Understanding Changing Patterns & Drivers of Rural Land Ownership

Insights from New South Wales, Australia (2004-2020)

ARC Linkage Project: University of Sydney & NSW Department of Primary Industries



There has been tremendous change in rural NSW over recent years, and this research project provides an opportunity to systematically understand these processes. The University of Sydney researchers have generated a database of all land title transfers for a 16-year period (2004-2020) across rural parts of NSW and are using spatial, quantitative and qualitative analysis techniques to investigate patterns of rural land ownership in relation to socio-economic and environmental processes. Key themes include drought, corporatization of agriculture, farm aggregation, agricultural commodities, land fragmentation and land-use.


Photos by Lachlan Mitchell

We would like to acknowledge all Aboriginal and Torres Strait Islander Traditional Custodians of Country and recognise their continuing connection to land, sea, culture and community. We pay our respects to Elders past and present. In particular, we acknowledge and pay respect to the the Gadigal people of the Eora Nation whose ancestral lands that the University of Sydney (Camperdown Campus) is built and all Traditional Custodians of Country in NSW upon which this research is conducted upon.  As we share our own knowledge, teaching, learning and research practices within this University may we also pay respect to the knowledge embedded forever within the Aboriginal Custodianship of Country.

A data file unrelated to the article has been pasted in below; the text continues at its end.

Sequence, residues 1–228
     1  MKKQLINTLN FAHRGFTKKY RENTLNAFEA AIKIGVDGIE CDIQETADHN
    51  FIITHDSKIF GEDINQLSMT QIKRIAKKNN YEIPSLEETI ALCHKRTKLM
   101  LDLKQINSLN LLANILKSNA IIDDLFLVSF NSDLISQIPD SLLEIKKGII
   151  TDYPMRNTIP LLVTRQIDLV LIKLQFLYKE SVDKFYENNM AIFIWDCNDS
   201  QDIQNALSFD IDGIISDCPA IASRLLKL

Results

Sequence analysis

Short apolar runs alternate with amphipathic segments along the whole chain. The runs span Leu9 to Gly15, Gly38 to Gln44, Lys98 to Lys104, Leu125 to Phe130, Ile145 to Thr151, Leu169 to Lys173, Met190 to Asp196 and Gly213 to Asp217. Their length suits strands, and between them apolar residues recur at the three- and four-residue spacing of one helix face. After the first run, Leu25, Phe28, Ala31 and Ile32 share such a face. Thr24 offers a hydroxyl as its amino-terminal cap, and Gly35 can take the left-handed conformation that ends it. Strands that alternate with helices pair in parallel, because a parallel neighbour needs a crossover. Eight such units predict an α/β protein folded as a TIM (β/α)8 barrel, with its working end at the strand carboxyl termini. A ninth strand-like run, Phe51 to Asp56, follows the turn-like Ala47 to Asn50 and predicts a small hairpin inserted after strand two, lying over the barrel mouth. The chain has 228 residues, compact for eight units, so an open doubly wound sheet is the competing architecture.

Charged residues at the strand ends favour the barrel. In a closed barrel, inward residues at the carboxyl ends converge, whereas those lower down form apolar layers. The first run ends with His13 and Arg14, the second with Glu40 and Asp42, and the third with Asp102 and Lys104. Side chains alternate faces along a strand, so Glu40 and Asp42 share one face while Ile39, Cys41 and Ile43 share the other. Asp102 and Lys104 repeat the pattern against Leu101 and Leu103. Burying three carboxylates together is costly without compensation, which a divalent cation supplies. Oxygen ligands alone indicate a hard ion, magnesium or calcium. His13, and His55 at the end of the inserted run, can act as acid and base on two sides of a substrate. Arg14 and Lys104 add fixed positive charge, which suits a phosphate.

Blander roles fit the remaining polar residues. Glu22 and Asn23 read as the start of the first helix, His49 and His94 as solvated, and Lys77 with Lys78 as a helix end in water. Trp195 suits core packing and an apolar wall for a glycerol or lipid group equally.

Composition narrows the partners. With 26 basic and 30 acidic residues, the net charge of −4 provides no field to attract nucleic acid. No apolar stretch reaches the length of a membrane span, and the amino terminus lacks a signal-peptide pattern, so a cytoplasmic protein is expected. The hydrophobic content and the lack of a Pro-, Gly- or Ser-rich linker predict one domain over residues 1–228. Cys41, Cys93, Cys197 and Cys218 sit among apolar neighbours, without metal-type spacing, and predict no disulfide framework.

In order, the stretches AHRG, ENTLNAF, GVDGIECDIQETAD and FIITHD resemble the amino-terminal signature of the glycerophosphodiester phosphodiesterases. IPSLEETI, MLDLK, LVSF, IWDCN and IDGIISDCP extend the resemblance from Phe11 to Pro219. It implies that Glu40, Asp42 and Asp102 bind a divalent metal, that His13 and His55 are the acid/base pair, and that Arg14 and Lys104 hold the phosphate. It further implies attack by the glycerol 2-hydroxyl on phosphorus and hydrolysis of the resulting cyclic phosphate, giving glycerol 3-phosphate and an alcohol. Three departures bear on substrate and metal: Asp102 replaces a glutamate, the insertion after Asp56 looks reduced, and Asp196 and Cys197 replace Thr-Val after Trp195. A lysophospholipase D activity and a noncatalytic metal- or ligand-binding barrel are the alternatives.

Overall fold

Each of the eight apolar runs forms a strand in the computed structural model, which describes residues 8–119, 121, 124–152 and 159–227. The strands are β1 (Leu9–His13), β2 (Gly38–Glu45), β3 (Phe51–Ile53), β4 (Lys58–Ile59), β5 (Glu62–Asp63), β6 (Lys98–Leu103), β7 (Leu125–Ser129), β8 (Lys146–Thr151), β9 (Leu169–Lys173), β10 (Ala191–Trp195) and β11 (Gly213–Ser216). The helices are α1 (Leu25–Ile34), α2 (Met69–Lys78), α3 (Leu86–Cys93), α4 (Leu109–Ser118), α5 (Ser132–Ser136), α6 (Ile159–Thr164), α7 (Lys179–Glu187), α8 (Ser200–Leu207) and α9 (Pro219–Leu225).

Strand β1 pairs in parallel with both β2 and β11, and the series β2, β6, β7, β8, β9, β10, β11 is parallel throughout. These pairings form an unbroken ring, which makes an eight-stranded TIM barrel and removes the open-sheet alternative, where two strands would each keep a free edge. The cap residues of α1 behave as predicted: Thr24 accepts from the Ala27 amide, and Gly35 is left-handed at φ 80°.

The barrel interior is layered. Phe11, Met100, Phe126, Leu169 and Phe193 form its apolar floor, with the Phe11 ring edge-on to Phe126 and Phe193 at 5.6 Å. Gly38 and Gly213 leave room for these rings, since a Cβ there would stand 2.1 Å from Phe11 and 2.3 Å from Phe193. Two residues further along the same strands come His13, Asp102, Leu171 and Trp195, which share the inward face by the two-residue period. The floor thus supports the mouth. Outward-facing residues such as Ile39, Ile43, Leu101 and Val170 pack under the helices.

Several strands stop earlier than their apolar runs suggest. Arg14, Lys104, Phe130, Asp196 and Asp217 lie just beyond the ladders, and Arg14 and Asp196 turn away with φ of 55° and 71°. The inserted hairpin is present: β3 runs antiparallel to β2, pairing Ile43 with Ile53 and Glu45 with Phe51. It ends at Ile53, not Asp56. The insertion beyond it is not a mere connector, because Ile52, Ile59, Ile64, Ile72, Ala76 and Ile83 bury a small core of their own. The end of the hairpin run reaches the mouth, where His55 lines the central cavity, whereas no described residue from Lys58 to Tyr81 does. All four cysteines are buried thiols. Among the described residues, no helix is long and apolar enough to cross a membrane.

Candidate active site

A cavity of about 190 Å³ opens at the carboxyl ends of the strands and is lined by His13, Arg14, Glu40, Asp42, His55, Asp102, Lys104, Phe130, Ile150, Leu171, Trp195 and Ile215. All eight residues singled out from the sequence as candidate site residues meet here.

The concept of land ownership is contested and often deeply linked with histories of dispossession of land and discrimination, especially in settler-colonial countries such as Australia. This project uses ‘ownership’  according to the Torrens Title register which is the primary register for land held in NSW under the Real Property Act 1900.  The recorded owner of land (otherwise known as the registered proprietor) in the NSW land title system is used for research purposes to investigate the dynamics of change for land ownership in NSW. It is important, however, to acknowledge the shortcomings of this approach as it does not represent Traditional Custodianship of Country but that which was stolen from Aboriginal and Torres Strait Islander peoples.